The marketplaces that host this artwork for sale don’t yet have any mechanisms, at least that I’m aware of, that help to address this issue. There are some ideas floating around but nothing concrete yet.

Beyond just this issue, each NFT is endowed with an NFT License. There is one aspect of the NFT license I find particularly disturbing as a creator.

According to the resource linked, an owner of an NFT of your artwork could potentially put it on their own products and sell it while earning up to 100k before they have to go back to the artist to negotiate royalty fees for further sales.

I don’t think the royalties we mentioned earlier in the article would apply to this but if this is something that is possible I think that the original artist should get a cut if someone were to do that with their art.

I don’t think that is very fair to the artist at all if they don’t. It feels to me like yet another way to take advantage of the hard work we put into building our skills up to make these things.

Then someone who has money can come along and buy MY creation and make more off of it than me without giving me a cut?

I don’t know about you but that just doesn’t feel right to me. Especially since one of the most appealing aspects of NFT’s is retaining some level of equity in your creation and building streams of residual income from it.

There are very clearly many legal issues that are going to arise very soon from this sudden BOOM in NFT art.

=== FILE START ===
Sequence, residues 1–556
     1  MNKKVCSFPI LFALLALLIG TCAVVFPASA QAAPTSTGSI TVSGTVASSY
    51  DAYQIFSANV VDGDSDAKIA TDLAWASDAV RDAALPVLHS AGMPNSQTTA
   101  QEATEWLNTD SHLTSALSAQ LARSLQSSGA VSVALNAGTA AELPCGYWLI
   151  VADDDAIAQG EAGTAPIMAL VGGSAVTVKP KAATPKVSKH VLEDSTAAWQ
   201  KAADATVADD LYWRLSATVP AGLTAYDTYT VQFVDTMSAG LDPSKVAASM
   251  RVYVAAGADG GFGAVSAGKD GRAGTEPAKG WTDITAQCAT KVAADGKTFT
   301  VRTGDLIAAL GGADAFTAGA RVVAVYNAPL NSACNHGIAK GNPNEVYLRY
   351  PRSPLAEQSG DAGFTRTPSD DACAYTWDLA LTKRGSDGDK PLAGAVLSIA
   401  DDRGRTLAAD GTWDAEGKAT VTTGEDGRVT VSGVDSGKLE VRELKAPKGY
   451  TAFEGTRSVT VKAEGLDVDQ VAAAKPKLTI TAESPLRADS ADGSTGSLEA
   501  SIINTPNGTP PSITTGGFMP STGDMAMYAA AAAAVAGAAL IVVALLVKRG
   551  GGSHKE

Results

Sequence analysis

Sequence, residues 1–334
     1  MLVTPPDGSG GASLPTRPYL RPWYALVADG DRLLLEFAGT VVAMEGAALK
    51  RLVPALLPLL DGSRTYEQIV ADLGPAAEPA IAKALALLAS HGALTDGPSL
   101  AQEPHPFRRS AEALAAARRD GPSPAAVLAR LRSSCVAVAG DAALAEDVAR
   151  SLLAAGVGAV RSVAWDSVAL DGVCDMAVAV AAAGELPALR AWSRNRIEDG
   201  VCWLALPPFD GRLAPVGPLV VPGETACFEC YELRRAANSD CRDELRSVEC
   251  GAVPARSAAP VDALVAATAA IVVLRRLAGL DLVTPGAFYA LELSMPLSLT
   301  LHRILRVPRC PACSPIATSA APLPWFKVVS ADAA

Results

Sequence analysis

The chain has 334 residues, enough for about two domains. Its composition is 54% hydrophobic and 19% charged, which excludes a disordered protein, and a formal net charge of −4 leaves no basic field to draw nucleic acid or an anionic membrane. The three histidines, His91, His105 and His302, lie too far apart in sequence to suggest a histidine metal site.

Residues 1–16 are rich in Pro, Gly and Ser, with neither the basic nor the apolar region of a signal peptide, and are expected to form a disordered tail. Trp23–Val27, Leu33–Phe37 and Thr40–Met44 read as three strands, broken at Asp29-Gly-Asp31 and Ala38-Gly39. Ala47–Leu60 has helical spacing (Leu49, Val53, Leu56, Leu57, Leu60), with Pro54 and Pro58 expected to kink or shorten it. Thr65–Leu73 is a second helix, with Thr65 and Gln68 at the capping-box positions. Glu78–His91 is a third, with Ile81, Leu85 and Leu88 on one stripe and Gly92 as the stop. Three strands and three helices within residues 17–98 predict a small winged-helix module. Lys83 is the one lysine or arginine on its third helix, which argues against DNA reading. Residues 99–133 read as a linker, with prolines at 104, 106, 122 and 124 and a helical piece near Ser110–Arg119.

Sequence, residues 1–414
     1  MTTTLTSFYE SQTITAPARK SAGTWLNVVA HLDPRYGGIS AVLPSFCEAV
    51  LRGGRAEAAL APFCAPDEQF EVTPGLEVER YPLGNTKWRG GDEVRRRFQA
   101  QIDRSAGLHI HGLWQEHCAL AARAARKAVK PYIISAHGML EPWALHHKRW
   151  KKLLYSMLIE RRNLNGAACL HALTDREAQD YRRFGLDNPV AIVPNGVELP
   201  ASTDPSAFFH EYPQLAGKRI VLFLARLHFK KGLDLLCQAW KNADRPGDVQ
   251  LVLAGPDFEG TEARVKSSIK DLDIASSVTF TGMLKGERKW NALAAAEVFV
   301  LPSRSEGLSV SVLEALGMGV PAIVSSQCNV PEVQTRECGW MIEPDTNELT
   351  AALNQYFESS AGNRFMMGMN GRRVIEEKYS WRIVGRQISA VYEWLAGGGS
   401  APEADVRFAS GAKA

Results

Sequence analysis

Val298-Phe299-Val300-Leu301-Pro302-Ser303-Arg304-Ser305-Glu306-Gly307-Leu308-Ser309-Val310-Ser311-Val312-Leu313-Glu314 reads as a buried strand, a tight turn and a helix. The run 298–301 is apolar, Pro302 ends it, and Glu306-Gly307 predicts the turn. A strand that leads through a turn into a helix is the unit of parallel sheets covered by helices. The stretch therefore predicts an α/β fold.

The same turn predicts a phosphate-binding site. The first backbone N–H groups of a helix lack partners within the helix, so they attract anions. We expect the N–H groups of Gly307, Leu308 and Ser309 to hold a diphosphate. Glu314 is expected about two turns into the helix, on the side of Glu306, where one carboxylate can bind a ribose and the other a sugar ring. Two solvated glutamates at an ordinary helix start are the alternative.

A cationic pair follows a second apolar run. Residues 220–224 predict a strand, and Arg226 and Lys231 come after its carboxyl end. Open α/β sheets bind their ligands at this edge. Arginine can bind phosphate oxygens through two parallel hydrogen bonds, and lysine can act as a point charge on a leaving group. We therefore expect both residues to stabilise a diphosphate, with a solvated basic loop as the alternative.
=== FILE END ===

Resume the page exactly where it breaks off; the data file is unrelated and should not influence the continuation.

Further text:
Carbon Emissions and Energy Consumption

Finally, the last problem we should discuss that may be of some importance to you if you are at all environmentally conscious is the issue of carbon emissions.

I came across several articles in my research discussing this issue. The first one I read was this one here by Everest Pipkin. Allow me to spare you the neck pain of having to look up at this person as they preach to you from their ridiculously high horse.

Despite my frustration with this person’s level of disdain for the crypto market and the underlying infrastructure that makes it possible, they do have some valid criticisms that must be considered.

While they quantify the amount of energy usage that the entire crypto network consumes and some of the glaring problems with it, they never once attempt to quantify the actual carbon emissions produced as a result of crypto art while looking down their incredibly long nose at it.

For the record, this person states that the entire blockchain network consumes somewhere around 24.43 TWh of energy. I have no idea how they are generating this number. They give no references or citations to know.

Do I agree that we should be concerned by the potential carbon emissions from a technology that requires ever-increasing amounts of power to sustain what is essentially engineered scarcity into a system of digital items that should remain limitless? Sure. It’s kind of crazy to force things to be scarce unnecessarily.